BALTIMORE (WJZ)—As a warm winter gives way to an early spring, it’s not just flowers popping up. It’s bugs.
Alex DeMetrick reports the good, the bad and the ugly of the insect world are all up early.READ MORE: 'The School Shouldn't Be Open Right Now': Parents React To COVID-19 Outbreak At Cherry Hill Elementary Middle School
It feels like spring to a lot of plants. And for insects, it is, despite what the calendar says.
“We’re probably anywhere from 10 days to two weeks ahead. We’re getting reports of deer ticks, mosquitoes, all those guys we love to hate are active right now,” said Michael Raupp, University of Maryland.
That means taking the usual precautions earlier than usual. Ticks can pass on serious infections like Lyme disease, and mosquitoes that get us scratching are a vector for West Nile.
There is some advice for people.
“They have to do due diligence right now because these guy are active right now,” Raupp said.
Of course some insects have been active all winter, sharing the warmth inside our homes. But because they are cold-blooded, it takes warmer temperatures to get them up and moving outside.READ MORE: Almost 9,000 Vaccinated Marylanders Get Additional Shots Since Approval of Pfizer Booster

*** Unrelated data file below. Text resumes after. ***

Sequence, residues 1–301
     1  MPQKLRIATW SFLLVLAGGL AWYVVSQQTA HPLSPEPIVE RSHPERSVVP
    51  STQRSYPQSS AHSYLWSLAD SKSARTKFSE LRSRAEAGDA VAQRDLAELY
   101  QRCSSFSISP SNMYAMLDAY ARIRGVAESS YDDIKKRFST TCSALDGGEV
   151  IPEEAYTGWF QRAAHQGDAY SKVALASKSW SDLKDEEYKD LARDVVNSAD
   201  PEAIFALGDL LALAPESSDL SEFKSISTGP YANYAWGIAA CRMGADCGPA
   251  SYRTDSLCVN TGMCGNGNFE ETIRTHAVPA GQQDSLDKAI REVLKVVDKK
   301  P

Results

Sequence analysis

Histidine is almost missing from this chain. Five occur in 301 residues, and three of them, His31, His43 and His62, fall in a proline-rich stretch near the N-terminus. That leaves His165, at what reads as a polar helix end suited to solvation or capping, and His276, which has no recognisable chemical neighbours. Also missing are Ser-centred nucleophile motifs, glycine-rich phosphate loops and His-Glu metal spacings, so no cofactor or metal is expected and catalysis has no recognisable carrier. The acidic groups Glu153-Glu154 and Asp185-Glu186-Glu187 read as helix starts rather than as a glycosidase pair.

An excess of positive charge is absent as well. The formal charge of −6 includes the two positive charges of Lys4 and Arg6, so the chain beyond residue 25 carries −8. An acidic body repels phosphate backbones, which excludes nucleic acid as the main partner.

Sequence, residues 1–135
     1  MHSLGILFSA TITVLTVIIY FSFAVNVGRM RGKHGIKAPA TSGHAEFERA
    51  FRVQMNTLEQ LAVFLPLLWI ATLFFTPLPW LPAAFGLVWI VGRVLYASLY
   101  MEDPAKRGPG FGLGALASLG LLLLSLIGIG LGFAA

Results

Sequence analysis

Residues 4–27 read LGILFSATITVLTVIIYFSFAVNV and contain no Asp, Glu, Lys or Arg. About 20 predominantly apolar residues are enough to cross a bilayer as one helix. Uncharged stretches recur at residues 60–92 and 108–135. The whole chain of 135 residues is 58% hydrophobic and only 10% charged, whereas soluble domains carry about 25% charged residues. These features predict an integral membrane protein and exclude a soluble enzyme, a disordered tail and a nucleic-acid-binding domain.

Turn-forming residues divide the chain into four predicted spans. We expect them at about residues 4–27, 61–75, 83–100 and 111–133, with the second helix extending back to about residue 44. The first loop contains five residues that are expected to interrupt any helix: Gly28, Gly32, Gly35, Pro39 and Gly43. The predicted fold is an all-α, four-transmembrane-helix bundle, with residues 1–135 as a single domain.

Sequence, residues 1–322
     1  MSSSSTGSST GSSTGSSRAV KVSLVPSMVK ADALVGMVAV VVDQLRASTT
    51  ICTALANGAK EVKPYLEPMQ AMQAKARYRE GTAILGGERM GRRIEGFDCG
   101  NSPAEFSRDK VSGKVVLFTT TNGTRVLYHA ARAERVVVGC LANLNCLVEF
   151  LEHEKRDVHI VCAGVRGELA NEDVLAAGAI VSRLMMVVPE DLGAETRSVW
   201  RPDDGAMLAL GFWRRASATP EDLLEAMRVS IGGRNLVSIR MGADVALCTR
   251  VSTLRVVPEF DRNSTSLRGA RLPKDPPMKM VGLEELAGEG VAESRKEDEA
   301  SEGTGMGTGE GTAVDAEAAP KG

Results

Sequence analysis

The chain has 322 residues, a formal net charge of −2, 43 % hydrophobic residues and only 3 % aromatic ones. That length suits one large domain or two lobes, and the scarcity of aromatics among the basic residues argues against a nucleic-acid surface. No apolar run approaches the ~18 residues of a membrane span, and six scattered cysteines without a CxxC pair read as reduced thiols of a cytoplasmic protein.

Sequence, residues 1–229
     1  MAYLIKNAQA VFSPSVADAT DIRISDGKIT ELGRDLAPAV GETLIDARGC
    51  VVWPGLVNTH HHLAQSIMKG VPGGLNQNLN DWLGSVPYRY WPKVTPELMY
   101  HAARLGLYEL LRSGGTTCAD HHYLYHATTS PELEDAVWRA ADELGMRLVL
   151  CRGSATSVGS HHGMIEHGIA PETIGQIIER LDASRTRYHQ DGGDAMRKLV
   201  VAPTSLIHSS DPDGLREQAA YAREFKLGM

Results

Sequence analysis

And this past winter had everyone talking.
“It’s amazing weather,” said one man on the street.
“It’s beautiful,” said another. “It feels like springtime out here.”
The warm weather has made it easier for insects to survive. While insects are with us earlier than usual, there is also another wild card in play.
“Insects like aphids, spider mites and our friend the stink bug, if they get an early jump on the season as they will this year, that may actually translate into greater numbers. But we’re just going to have to wait to see,” Raupp said.
Because what’s out now is just getting warmed up.MORE NEWS: 'We're The Cure To This Situation': 9 Killed, 13 Wounded In Baltimore Over The Past Week
Experts say the worst case scenario for Maryland farmers would be a mini heat wave this spring. That happened two years ago, costing growers millions in crop damage from insects like the stink bug.